Sanseido Kokugo Jiten

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The Sanseidō kokugo jiten (三省堂国語辞典?, Sanseido's Japanese Dictionary), or the Sankoku (三国) for short, is a general-purpose Japanese dictionary. It is closely affiliated with another contemporary dictionary published by Sanseido, the Shin Meikai kokugo jiten.

The Sanseidō kokugo jiten has been revised about once a decade.

  • 1960, 1st edition
  • 1974, 2nd edition
  • 1982, 3rd edition
  • 1992, 4th edition
  • 2001, 5th edition
  • 2007, 6th edition
  • 2014,7th edition

Japanese linguist and lexicographer Kenbō Hidetoshi (見坊豪紀, 1914-1992) was chief editor of the first four editions. Among his prominent coeditors, Kindaichi Kyōsuke (金田一京助, 1882-1971), his son Kindaichi Haruhiko (金田一春彦, 1913-2004), and Yamada Tadao (山田忠雄, 1916-1996) began with the 1st edition; Shibata Takeshi (柴田武) with the 2nd; Hida Yoshifumi (飛田良文) with the 4th; and Ichikawa Takashi (市川孝) began editing with the 5th edition Sanseidō kokugo jiten. Several of these lexicographers worked together on a predecessor Sanseido dictionary, the Meikai kokugo jiten (明解国語辞典). Kenbō began working with its chief editor Kindaichi Kyōsuke on the 1st edition (1943) and was an editor on the 2nd edition (1952).

In 1959, Sanseido placed Kenbō in charge of the Sanseidō kokugo jiten, and subsequently put Yamada in charge of the comparatively larger Shin Meikai kokugo jiten (1972 … 2005). The 1st edition Sanseidō kokugo jiten (1960) had 57,000 headwords, while the 2nd-5th editions increased the numbers to 62,000 (1974), 65,000 (1982), 73,000 (1992), and 76,000 (2001) respectively.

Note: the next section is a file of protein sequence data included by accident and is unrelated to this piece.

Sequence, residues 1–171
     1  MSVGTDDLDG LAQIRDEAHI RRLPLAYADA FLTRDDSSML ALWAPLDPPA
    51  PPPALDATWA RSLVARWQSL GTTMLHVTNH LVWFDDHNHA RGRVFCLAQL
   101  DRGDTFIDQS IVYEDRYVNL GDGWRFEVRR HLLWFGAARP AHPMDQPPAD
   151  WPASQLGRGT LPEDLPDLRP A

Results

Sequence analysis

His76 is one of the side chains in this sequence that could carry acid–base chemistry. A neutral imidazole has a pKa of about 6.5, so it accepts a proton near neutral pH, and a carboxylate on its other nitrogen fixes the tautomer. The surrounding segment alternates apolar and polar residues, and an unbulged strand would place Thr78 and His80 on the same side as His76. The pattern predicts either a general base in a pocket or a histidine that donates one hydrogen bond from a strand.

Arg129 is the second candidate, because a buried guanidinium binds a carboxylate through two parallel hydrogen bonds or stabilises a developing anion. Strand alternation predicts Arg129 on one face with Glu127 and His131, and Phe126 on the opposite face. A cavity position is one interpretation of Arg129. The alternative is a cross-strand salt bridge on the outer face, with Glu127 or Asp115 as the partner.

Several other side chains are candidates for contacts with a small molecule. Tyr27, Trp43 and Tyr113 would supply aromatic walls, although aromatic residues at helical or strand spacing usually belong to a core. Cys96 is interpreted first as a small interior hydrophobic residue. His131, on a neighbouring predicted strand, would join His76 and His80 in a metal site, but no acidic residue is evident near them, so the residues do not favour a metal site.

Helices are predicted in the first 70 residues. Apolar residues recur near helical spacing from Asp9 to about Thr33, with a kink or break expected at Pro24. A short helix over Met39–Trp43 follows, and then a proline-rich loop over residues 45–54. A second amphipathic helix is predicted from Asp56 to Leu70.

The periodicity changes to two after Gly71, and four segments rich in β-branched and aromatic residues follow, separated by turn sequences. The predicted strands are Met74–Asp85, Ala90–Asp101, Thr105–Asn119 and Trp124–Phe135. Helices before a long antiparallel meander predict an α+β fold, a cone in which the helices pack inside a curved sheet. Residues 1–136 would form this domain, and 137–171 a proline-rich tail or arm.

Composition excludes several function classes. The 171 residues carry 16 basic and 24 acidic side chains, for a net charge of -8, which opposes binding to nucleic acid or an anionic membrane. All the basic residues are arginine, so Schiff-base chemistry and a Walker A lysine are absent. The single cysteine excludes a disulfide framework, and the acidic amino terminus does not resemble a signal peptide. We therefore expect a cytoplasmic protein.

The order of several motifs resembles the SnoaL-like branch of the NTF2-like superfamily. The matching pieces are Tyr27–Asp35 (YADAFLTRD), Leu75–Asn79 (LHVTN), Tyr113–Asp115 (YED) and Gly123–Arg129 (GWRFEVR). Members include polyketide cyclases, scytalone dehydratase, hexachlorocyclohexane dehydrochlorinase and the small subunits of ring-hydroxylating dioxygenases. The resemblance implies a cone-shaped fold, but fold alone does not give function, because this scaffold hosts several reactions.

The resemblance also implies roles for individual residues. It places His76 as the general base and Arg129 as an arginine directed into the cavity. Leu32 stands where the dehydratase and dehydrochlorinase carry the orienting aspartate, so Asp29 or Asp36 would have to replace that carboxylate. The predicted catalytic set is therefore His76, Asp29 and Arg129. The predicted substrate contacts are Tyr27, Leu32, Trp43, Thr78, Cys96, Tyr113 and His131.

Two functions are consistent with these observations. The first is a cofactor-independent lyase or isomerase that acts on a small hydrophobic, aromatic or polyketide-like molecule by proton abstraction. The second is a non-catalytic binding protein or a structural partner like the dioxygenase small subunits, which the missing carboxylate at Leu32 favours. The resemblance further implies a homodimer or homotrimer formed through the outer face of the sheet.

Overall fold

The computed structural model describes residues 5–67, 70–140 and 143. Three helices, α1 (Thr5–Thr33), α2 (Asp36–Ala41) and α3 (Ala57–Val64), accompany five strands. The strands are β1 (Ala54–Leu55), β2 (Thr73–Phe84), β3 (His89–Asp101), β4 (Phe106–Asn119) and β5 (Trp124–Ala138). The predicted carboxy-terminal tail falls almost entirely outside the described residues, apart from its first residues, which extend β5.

Emphasizing contemporary usage is one of Sanseidō kokugo jiten's most significant contributions to modern Japanese lexicography. Many traditional Japanese dictionaries copy usage examples from earlier dictionaries, often taken from Classical Japanese language sources. When Kenbō Hidetoshi began compiling the 1st edition, he started collecting Japanese word usages from newspapers, magazines, and broadcasts, which he would write on cards. By the time he died, he had recorded some 1,400,000 usage example cards.

The Sanseidō kokugo jiten is known for including neologisms, katakana loanwords, and informal expressions. Tom Gally, a Japanese translator and lexicographer, gives this evaluation:

Like the other Sanseidou dictionaries, this one has a strong contemporary emphasis and shows the influence of its late editor's renowned citation collecting. The entries include many colloquialisms that were missed or ignored by other lexicographers. (1999)


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